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May 17, 2019
The Perfect Adventure Weekend in Southwestern Utah without setting foot in Zion National Park

Ok, I’ll admit it - just a few weeks ago if you had asked me for recommendations for a killer hike in southwestern Utah my list would have been short and simple: Zion. Go to the National Park and you’re sure to find an amazing hike. Boom, done. I knew that was simplistic, but Zion National Park is absolutely stunning, and the vast majority of travelers to Greater Zion, Utah are there to tick another National Park box on their travel bucket list. 

However, despite their mystical allure, sometimes national parks are more of a headache than a blessing. They're crowded, expensive, and extremely restrictive - several of the best spots in Zion don't allow car access, forcing travelers to ride a shuttle, and many of the best hikes are closed for half the year due to weather. I've found more often than not that the areas surrounding national parks are filled with stunning landscapes that easily rival their more-famous counterparts, but without any of the crowds and hubub.

Greater Zion, Utah is filled with stunning scenery, breathtaking hikes, and unrivaled beauty. Without further ado, allow me to introduce you to my favorite spots outside of Zion. 

Gunlock State Park

A stunning oasis of crystal clear water amidst beautiful orange rocks, Gunlock State Park is an absolute must-see for any visit to the area. Although it's somewhat rare for water levels to be high enough for the Eden-esque cascade of waterfalls pictured here, this park offers year-round access to fishing, swimming or boating activities. Grab some friends, a canoe, and head out for a beautiful sunset paddle surrounded by stunning rock formations. 

Snow Canyon State Park

Overlooking Snow Canyon from the Red Mountain Trail

Despite the name, Snow Canyon is actually known for pleasantly mild weather year-round, and rarely receives any snow. However, what Snow Canyon lacks in snow it more than makes up for with beautiful views. The lower section of the park is decorated with rolling knolls of deep red sandstone jutting up from a lush green valley, outlined by hexagonal columns of igneous basalt (for those of you who aren't massive geology nerds like me, that means "super neat volcano rocks").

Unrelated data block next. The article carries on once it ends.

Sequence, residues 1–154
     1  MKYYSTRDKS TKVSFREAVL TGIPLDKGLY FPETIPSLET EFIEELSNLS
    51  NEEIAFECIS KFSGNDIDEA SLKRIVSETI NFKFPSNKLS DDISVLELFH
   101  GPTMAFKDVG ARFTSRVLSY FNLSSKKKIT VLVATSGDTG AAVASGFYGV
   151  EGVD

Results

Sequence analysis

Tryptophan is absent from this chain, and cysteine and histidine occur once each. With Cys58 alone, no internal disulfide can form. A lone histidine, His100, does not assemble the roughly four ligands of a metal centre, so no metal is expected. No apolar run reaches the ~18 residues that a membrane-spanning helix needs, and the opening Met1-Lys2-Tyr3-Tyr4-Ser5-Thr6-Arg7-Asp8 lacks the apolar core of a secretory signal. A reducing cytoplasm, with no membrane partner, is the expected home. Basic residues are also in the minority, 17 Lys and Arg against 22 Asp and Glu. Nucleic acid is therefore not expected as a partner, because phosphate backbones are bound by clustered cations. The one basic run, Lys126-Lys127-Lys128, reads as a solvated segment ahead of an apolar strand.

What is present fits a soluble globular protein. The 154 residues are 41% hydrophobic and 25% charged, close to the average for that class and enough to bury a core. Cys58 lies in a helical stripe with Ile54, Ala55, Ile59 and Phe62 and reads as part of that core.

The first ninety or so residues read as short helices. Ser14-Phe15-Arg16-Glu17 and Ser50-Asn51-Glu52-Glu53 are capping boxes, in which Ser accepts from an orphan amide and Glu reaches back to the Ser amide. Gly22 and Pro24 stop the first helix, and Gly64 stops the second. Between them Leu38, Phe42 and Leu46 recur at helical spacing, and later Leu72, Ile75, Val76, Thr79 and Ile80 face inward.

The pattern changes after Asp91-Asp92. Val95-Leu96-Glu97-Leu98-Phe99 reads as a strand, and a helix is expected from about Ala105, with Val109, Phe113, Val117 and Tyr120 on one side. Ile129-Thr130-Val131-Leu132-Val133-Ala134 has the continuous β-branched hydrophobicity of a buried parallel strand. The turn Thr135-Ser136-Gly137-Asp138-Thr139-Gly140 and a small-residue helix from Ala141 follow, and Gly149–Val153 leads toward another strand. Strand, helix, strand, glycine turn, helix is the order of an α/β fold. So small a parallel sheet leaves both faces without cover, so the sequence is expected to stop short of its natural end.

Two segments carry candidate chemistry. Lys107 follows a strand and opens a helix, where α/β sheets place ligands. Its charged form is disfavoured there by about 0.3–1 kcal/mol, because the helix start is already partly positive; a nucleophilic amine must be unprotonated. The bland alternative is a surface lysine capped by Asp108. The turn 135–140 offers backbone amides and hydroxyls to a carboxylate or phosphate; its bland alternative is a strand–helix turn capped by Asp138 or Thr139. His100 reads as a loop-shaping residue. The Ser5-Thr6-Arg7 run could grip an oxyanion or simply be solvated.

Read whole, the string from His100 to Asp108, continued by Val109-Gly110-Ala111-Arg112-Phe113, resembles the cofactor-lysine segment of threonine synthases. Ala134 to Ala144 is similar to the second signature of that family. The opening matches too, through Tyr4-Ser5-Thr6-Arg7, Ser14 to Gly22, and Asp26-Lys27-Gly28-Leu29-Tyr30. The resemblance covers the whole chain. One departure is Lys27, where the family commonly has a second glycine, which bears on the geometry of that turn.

Further up the canyon you'll find towering cliffs made of brilliant white sandstone with a perfectly carved valley and idyllic river flowing below.  One of my friends told me that if Zion wasn't so close by that Snow Canyon would very likely be it's own national park, and I have to absolutely agree. All the splendor and magnificence of a national park, but with the incredible solitude of a hidden gem. We didn't see a single person on our 4 hour hike, such a rare occurrence that I genuinely wondered if we were lost. I hesitate to write about this park because I sort of want to keep it all to myself, but public lands, by definition, belong to all of us. You're welcome for the tip, please mail me thank-you notes with candy inside. 

Yant Flat

Yant Flat looks like Mars if Mars was designed by Picasso and directed by JJ Abrams. Swirling layers of red and white sandstone stacked up like soft-serve ice cream stretch as far as the eye can see, but travel too close to the edge and you'll realize you're perched several hundred feet up on a cliff. I've visited several landscapes that I would describe as "vast" and Yant Flat most certainly fits that list, but I've never before been somewhere so purely alien feeling. It's a holistic experience - challenging the body, but invigorating the mind and soul. You'll feel as if you're somewhere that humans weren't meant to discover, almost as though this was a special meditation retreat for a higher being, that you happened to stumble upon. Sculpted by the hands of an idle celestial being, and then left behind for us to explore. 

The hike out was mild and level, but powder-soft sand in the trail made for a more exhausting trek than I was expecting. Once you get to the flats, moving around is quite easy since solid rock offers exceptional traction. Take a bit of care with route choice, as some sections can get quite steep and difficult to navigate, but we spent several hours exploring and I still feel as though I barely scratched the surface. 

Lambs Knoll

Ok ok, fine, so this is only outside Zion National Park by like 17 feet. But a wise man once said that being technically correct is the best kind of correct, and this is technically not in the national park so it's on this list. 

Lambs Knoll is a beautiful lump of red and white sandstone that offers hours of fun for anyone from the casual explorer to the serious rock-climber. After a short hike from the parking lot we found ourselves enveloped in narrow slot canyons with an impressive array of fixed anchors for rappelling. Although if you're comfortable canyoneering and experienced using ropes and anchor systems I think you could comfortably explore with just a friend or two, I would highly recommend a guide as the narrow rock canyons blocked my GPS signal and made navigation quite difficult. 

Lambs Knoll isn't a large area on the map, but the winding labyrinth of canyons and gullies could easily keep you busy for several days if you're ambitious.